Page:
The Diamondbacks also called up an outpouring of pitching talent. Rookies Ryne Nelson and Drey Jameson made their MLB debuts 10 days apart, with Nelson coming up on Sept. 5 and Jameson on Sept. 15.

Nelson’s first two games were nothing short of spectacular, pitching seven shutout innings in his debut against the Padres and following that with six more scoreless innings against the NL West-leading Dodgers. Jameson replicated Nelson’s debut, pitching seven shutout innings himself.

“My mentality has been to go out there on a pitch like it’s the last game I’ll ever play,” Nelson said. “That’s what a lot of us young guys have been doing. We’re just going out there and playing hard, trying to prove ourselves.”

Arizona has had a plethora of youth prospects at the same time in the past. In 2003, the fan-favorite “Baby Backs” included names such as Brandon Webb and Robby Hammock. The team had 13 rookies play throughout the season at some point after the Diamondbacks were decimated by injuries, with a whopping 15 players on the disabled list.

That group of rookies inspired “Baby Backs” T-shirts and even a collectible calendar that the team sold for its charity.

The Diamondbacks finished that campaign with an 84-78 record, and it looked like a youth movement had been successful. The next season was the exact opposite – the Diamondbacks finished the 2004 season 51-111, the worst record in franchise history.

In 2011, the team already had young pitchers Ian Kennedy and Daniel Hudson at the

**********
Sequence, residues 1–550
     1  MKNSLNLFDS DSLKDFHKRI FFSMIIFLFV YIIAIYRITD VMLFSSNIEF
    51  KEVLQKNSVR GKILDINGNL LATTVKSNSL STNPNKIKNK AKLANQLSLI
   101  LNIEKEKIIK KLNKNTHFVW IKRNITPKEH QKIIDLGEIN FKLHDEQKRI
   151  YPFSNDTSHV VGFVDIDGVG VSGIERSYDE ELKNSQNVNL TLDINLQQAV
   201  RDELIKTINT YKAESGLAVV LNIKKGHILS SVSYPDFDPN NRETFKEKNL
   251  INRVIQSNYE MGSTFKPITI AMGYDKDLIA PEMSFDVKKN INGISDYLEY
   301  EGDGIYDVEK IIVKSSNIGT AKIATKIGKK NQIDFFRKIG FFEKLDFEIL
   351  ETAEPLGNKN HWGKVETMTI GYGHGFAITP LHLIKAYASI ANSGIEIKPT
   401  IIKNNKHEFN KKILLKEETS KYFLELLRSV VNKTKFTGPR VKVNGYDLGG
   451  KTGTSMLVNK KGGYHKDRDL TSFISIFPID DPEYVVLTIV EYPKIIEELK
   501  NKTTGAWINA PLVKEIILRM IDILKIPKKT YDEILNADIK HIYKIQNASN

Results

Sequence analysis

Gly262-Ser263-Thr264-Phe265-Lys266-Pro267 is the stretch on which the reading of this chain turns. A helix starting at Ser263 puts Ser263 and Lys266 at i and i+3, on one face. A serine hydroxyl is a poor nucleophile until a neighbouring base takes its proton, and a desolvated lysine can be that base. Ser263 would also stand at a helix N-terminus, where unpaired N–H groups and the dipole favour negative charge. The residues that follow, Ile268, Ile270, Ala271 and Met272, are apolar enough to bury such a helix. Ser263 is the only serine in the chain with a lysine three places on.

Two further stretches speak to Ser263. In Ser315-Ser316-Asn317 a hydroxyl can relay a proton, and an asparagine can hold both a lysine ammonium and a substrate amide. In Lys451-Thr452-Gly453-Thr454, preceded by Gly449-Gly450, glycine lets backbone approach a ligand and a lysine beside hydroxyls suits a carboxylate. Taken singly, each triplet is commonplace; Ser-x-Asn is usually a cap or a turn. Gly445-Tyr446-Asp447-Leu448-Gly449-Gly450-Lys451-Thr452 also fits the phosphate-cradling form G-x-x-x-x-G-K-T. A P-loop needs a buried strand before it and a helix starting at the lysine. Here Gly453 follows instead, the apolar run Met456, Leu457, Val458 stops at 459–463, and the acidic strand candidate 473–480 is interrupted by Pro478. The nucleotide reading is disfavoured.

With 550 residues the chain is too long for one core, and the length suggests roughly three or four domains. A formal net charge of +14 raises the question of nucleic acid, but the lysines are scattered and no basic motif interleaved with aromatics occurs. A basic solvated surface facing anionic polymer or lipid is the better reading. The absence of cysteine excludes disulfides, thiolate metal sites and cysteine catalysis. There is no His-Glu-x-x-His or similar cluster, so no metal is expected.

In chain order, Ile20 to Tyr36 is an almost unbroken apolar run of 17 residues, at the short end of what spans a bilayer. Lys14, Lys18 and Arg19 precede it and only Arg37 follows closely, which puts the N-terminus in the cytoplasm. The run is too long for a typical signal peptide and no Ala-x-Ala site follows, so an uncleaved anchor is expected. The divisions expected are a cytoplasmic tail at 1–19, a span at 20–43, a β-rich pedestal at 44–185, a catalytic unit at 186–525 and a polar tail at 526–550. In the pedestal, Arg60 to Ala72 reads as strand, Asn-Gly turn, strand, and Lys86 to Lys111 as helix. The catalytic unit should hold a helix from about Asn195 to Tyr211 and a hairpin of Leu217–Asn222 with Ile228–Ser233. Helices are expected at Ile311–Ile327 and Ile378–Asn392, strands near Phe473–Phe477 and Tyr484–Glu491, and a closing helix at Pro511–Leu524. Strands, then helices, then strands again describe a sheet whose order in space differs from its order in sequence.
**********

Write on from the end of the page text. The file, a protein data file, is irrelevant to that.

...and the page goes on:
major league level with youngsters Trevor Bauer, Patrick Corbin, and Archie Bradley in the farm system. Diamondbacks CEO Derrick Hall said at the time that the group had the potential to compare with the great Atlanta Braves rotations of the past.

It didn’t work out that way.

Nearly 11 years later, all the players listed besides Kennedy are on different teams.

The Diamondbacks’ current youth movement is just getting started. The team still has a plethora of talent in its farm system with three more highly touted prospects on the MLB Top 100 list.

Jordan Lawler, the 2021 MLB Draft sixth overall pick, sits at No. 12 on the list and is already playing Double-A baseball. Druw Jones, the second overall pick of the 2022 MLB Draft, is ranked No. 11. And 23-year-old pitcher Brandon Pfaadt is 90th on the list. He was named Diamondbacks’ Minor League Pitcher of the Year on Sept. 27, after becoming the first minor league pitcher to reach 200 strikeouts since 2011.

Diamondbacks starting pitcher Zach Davies has been in the majors since 2015 and has seen players come and go throughout his tenure in the big leagues. For Davies, these young guns have shown him more than enough to state their claim in the big leagues.

“Coming from where I started in 2015, I was on a similar team that was still rebuilding and on the up and up,” Davies said. “The amount of work that I’ve seen these guys put in day in and day out is impressive.”

The young Diamondbacks again failed to make the postseason, but the organization might be planting the seeds that sprout a perennial playoff contender in the coming years.

“I think we all understand how talented we can be,” McCarthy said. “We’re just trying to show some of these teams that we belong, and that we’re going to be a great team moving forward.”

Vincent Deangelis VIN-sint dee-ANN-jeh-lis
Sports Reporter, Phoenix

Vincent Deangelis expects to graduate in May 2024 with a bachelor’s degree in sports journalism. Deangelis reports for The State Press.